1. ## Missing answers - sanity check needed

I have a worksheet with answers missing. The questions are simple uniform motion in a circle ones but I would like to run through two of them here and just have you more experienced folks confirm my answers, if you wouldn't mind.

Question 1

Find the speed of a particle of dust, 5cm from the center of a disc which is revolving at 45rpm. Also find the acceleration of the particle. Answers to 2 decimal places.

$\displaystyle \omega = 45\text{ rpm} = \frac{45(360)}{60} \text{ deg s}^{-1} = \frac{45(360)(\pi)}{60(180)} \text{ rad s}^{-1} = \frac{3}{2}\pi \text{ rad s}^{-1}$

For the speed of the particle

$\displaystyle v = r\omega = 0.05\bigg(\frac{3}{2}\pi\bigg) = { \color{blue}0.34 \text{ ms}^{-1} } \text{ (2 d.p.)}$

For the acceleration of the particle

$\displaystyle a = r\omega^2 = 0.05\bigg(\frac{3}{2}\pi\bigg)^2 = {\color{blue}1.11 \text{ ms}^{-2} } \text{ (2 d.p.)}$

Question 2

A particle P of mass 20 grams is connected by a taut inextensible string of length 2m to a fixed point O of a smooth horizontal table on which the particle rests. The string will break if the tension exceeds 7.84N. Calculate the greatest possible speed at which P can describe a circle of 2m about O.

$\displaystyle \text{mass, } m = 0.02 \text{ kg}$

For a maximum string tension of 7.84N

$\displaystyle F = ma$
$\displaystyle 7.84 = 0.02a$
$\displaystyle a = 392 \text{ ms}^{-2}$

For the speed

$\displaystyle v^2 = ra^2$
$\displaystyle v = \sqrt{ 2(392)^2 }$
$\displaystyle v = {\color{blue}554.37 \text{ ms}^{-1} } \text{ (2 d.p.)}$

Thanks!

I have a worksheet with answers missing. The questions are simple uniform motion in a circle ones but I would like to run through two of them here and just have you more experienced folks confirm my answers, if you wouldn't mind.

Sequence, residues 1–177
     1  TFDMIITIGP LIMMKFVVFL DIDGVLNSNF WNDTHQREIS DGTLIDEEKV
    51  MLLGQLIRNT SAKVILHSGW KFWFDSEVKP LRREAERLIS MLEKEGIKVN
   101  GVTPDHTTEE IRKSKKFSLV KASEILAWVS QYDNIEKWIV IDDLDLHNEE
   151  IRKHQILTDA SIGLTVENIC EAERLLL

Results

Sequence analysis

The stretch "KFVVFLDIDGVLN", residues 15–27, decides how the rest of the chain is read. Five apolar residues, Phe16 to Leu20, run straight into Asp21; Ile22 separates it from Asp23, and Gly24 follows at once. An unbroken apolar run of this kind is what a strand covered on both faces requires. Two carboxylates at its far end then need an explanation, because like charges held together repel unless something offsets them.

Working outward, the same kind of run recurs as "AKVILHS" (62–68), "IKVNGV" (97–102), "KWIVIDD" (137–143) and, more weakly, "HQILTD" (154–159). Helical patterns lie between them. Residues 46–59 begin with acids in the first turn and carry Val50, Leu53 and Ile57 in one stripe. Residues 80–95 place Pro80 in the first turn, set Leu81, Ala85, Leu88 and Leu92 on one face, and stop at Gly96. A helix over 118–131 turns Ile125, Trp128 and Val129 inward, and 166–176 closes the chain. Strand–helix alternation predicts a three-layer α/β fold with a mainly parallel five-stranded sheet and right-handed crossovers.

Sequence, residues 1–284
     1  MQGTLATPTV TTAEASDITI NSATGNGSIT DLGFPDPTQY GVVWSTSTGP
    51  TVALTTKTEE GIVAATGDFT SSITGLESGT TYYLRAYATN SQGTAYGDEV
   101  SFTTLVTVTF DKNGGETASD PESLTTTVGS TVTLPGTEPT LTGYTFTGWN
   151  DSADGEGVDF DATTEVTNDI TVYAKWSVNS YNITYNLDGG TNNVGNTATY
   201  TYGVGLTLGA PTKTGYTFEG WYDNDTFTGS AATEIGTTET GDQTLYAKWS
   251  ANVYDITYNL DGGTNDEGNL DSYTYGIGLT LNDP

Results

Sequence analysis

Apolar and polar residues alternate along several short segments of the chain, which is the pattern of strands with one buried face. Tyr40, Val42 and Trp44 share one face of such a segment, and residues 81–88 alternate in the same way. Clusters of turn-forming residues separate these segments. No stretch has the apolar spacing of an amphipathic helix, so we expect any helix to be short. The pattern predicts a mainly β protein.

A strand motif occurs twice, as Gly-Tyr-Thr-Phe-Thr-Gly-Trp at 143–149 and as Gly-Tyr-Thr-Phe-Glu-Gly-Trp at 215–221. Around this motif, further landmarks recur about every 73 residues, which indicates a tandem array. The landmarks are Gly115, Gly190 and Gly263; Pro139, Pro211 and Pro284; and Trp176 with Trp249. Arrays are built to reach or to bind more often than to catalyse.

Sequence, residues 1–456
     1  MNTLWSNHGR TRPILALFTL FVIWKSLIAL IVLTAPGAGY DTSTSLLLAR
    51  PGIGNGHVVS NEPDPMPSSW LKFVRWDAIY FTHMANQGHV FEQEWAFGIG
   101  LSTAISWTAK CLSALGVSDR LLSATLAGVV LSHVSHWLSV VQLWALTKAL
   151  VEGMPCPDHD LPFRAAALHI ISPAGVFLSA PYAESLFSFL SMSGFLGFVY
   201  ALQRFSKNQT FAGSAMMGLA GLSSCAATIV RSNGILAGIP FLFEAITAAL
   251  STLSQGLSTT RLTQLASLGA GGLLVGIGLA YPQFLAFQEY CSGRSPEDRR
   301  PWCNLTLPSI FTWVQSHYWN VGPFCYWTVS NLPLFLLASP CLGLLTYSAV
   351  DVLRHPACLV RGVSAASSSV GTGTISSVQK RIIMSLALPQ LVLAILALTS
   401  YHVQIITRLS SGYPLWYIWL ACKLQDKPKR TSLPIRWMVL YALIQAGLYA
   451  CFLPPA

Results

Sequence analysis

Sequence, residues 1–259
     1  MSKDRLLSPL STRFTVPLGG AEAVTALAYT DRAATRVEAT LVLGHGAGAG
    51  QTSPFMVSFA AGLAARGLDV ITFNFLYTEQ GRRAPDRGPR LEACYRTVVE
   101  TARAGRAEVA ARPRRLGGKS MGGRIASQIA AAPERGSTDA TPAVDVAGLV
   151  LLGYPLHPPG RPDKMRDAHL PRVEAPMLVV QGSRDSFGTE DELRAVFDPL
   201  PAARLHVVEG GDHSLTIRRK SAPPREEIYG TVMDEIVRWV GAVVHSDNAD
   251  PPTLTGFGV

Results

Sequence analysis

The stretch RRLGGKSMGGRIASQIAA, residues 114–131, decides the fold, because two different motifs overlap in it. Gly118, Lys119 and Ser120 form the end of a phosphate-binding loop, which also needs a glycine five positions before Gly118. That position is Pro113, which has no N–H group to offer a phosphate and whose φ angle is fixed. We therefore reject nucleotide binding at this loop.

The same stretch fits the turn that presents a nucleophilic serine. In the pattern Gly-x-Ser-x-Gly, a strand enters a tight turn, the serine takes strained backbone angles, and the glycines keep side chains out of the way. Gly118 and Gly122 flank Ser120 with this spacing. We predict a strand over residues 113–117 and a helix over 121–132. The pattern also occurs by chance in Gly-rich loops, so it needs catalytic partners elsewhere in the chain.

Question 1

Find the speed of a particle of dust, 5cm from the center of a disc which is revolving at 45rpm. Also find the acceleration of the particle. Answers to 2 decimal places.

$\displaystyle \omega = 45\text{ rpm} = \frac{45(360)}{60} \text{ deg s}^{-1} = \frac{45(360)(\pi)}{60(180)} \text{ rad s}^{-1} = \frac{3}{2}\pi \text{ rad s}^{-1}$

For the speed of the particle

$\displaystyle v = r\omega = 0.05\bigg(\frac{3}{2}\pi\bigg) = { \color{blue}0.34 \text{ ms}^{-1} } \text{ (2 d.p.)}$

For the acceleration of the particle

$\displaystyle a = r\omega^2 = 0.05\bigg(\frac{3}{2}\pi\bigg)^2 = {\color{blue}1.11 \text{ ms}^{-2} } \text{ (2 d.p.)}$

Question 2

A particle P of mass 20 grams is connected by a taut inextensible string of length 2m to a fixed point O of a smooth horizontal table on which the particle rests. The string will break if the tension exceeds 7.84N. Calculate the greatest possible speed at which P can describe a circle of 2m about O.

$\displaystyle \text{mass, } m = 0.02 \text{ kg}$

For a maximum string tension of 7.84N

$\displaystyle F = ma$
$\displaystyle 7.84 = 0.02a$
$\displaystyle a = 392 \text{ ms}^{-2}$

For the speed

$\displaystyle v^2 = ra^2$
$\displaystyle v = \sqrt{ 2(392)^2 }$
$\displaystyle v = {\color{blue}554.37 \text{ ms}^{-1} } \text{ (2 d.p.)}$

Thanks!
I didn't check the numbers, but the Physics is correct.

Just as a note for problem 2 I would specify that both the force and acceleration are "centripetal" for the sake of clarity.

-Dan

3. ## Acting tension question

Originally Posted by topsquark
I didn't check the numbers, but the Physics is correct.

Just as a note for problem 2 I would specify that both the force and acceleration are "centripetal" for the sake of clarity.

-Dan
Thanks for taking a look Dan.

I have a diagram in my working which I didn't include in this thread which shows the tension acting along the string from particle P towards O. My question is, given Newton's Third Law (equal and opposite forces), should tension act in equally along both $\displaystyle \overrightarrow{PO}$ and $\displaystyle \overrightarrow{OP}$?

This should probably be obvious but it is something I've never been absolutely clear on and never thought to ask... It seems logical to me that it would, but having never had confirmation one way or another, I'm not sure either way.